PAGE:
Jason was born and raised in Calgary, Alberta. He first came to Thailand after being laid off from his corporate job working for a music record label (after a big merger). He hadn’t taken any time off between secondary school and university studies so it was a ripe time to go traveling. He left Calgary and never really looked back.
How did you get started in sailing?
I dinghy sailed a bit on the lakes in Canada but wasn’t very good as I didn’t want to fall into the cold water. I really caught on to keel boats while living in Vietnam when Morgan Hayes came into the mix establishing a yacht charter base out there and we started going out on the boats regularly. A few deliveries, sea shanties and countless beers later and I became hooked on yachting. Morgan is still one of best mates. (He’s a local Phuket yachtie as well.)
Favourite Sailing Film?
Captain Ron, but also recently The Mercy (2018) was very powerful.
Favourite Sailing Book?
Anything Dave Perry writes as he’s a great communicator and even more funny and approachable in person. Being from Canada - Farley Mowat’s The Boat Who Wouldn’t Float is a standard, and right now I’m reading Surveying Small Craft by Ian Nicolson.
Favourite Fictional Sailing Hero?
Well, my name is Jason so I’m kind of partial to that Argonaut fella but haven’t found my golden fleece yet. But I like Charles Vain and Anne Bonny from the Black Sails TV series - bad asses.
Favourite Real-Life Sailing Hero?
I’ve had the privilege of sailing with and against some Ocean Race, America’s Cup, and legendary world famous sailors but I’d have to say Henry Kaye. The guy is 80, has and is battling cancer and other ailments, and he still sails hard when he gets the chance to jump on the helm. Always provides constructive sailing chat in person, always aggressive on the water...living legend.
Edgartown Yacht Club - Martha’s Vineyard, USA - maneuver through a skinny channel, don’t hit the small car ferry, weave through some traffic, “Captain Ron handbrake turn” and tie up to the dock literally right next to the pub. Although, if you fail the park, you will never live it down. Fortunately, I nailed the park so got the almighty head nods from all the patrons and handed a cold one.
I’d have to say the Hong Kong to Vietnam Race is still up there. Start in iconic Victoria Harbour amongst the Hong Kong skyline. Almost 700nm, sending it downwind, offshore, racing from warm to warmer. Get into Nha Trang and rack up a multi-million Dong bar tab. Awesome.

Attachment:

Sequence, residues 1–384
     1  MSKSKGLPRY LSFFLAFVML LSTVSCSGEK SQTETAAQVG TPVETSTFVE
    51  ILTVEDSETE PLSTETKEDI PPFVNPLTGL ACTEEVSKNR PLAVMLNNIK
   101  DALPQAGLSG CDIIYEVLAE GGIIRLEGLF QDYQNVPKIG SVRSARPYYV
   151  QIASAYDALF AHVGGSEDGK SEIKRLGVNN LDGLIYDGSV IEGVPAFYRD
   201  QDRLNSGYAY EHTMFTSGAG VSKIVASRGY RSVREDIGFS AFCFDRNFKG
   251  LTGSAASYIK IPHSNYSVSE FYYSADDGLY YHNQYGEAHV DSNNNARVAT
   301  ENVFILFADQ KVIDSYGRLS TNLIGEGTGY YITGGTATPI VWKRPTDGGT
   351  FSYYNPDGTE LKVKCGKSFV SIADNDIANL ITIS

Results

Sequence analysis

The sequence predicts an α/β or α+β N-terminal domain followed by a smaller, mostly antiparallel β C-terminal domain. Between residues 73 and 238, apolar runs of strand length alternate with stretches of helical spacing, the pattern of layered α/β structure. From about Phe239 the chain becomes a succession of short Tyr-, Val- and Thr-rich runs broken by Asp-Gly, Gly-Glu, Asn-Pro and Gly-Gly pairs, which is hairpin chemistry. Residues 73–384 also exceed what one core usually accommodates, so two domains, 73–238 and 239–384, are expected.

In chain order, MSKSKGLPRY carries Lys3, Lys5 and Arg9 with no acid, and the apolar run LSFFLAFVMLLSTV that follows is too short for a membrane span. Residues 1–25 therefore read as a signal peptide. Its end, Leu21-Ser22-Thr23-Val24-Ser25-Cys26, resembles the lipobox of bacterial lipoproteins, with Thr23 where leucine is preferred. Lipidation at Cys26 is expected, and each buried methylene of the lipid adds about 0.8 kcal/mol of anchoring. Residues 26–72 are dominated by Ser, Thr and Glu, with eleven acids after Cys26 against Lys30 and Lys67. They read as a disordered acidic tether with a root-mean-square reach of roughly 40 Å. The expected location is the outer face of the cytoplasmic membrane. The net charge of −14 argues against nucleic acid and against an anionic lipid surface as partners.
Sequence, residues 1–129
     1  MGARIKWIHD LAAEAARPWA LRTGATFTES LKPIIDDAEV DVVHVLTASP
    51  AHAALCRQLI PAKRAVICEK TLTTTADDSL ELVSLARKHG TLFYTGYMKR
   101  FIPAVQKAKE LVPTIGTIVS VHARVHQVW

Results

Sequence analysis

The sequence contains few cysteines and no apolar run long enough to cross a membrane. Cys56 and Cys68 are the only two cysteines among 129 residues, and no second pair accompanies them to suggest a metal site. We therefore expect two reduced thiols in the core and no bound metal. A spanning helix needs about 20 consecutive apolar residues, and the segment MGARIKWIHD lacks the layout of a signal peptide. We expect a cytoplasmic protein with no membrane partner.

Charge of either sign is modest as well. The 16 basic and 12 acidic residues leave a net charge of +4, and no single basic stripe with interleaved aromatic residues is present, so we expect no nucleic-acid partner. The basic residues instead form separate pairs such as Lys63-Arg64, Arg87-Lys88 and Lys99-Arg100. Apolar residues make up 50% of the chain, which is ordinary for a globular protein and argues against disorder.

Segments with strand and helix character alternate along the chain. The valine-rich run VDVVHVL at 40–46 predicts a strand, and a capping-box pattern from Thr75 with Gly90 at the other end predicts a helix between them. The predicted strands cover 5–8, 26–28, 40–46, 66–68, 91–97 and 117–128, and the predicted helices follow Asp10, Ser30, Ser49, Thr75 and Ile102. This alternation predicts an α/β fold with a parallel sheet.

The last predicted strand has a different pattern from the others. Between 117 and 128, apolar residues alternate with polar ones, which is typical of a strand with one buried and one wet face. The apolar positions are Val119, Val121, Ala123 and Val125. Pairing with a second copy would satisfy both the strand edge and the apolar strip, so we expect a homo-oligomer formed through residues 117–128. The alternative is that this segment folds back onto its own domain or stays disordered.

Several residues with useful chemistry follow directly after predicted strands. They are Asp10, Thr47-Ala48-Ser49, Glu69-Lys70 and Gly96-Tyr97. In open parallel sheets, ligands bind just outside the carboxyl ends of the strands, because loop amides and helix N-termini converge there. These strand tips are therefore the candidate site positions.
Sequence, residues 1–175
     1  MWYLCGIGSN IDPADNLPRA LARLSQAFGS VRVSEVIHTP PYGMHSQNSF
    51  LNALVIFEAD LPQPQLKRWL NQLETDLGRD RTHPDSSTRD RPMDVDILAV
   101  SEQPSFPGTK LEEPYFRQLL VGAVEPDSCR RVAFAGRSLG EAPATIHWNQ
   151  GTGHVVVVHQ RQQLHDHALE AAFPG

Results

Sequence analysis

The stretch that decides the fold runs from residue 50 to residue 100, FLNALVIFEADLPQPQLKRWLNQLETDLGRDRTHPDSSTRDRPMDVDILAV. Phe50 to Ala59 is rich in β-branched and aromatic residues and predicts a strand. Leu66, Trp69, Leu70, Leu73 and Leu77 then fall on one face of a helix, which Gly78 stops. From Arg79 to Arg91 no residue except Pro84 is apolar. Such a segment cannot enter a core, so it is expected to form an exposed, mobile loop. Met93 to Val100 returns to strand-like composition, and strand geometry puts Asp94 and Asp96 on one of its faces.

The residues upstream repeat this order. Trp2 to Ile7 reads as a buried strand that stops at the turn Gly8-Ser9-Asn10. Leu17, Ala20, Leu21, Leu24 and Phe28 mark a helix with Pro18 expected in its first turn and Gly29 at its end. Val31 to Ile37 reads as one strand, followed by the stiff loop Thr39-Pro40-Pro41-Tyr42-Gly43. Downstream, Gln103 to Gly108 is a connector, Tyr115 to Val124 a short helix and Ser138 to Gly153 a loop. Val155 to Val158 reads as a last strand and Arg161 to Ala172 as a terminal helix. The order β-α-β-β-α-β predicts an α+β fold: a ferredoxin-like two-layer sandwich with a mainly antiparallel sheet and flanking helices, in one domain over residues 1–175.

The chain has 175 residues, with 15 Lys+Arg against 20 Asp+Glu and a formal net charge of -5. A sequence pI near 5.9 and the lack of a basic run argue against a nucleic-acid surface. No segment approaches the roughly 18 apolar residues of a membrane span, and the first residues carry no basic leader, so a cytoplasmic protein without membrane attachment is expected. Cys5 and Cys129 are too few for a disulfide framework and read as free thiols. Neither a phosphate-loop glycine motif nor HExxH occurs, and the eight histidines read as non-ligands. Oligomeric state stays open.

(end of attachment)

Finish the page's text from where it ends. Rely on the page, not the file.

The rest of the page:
Macleod Island, Myanmar. Imagine Koh Phi Phi in Thailand with nobody there. Crystal clear water, white sands, no big development (although it’s coming for sure).
Favourite Sailing Bar?
Three: IYAC in Newport, Corner Bar in Palma, Ska Bar in Phuket.
Favourite type of sailing boat?
Love racing multihulls, TPs, Fast 40s but I think if I could have a choice it’s the Marten 49. Racing, cruising, round the cans, round the world...my pick!
You have been living in places like New York and Poland, yet you come back to race in Phuket – what is it about the Andaman region that keeps drawing you back?
It’s just a great mix of good racing, camaraderie, and venue - on and off the water. Fierce battles on the race course become great chatter in the pub and most teams intermix in the regatta parties quite well. Delivery crews, world cruisers, pros, etc., all seem to mingle together. Besides racing, when I get a chance to cruise around as well, it’s a fantastic holiday yachting ground.
If you hadn’t spent so much time sailing, you would be...?
You studied anthropology at university; did you ever work in that field?
Not directly, but I apply things I learned every day, especially in a cross-cultural context traveling so much. Sailing with multinational teams and with a few languages on board, negotiating for spare parts in random places, etc, the degree comes in handy.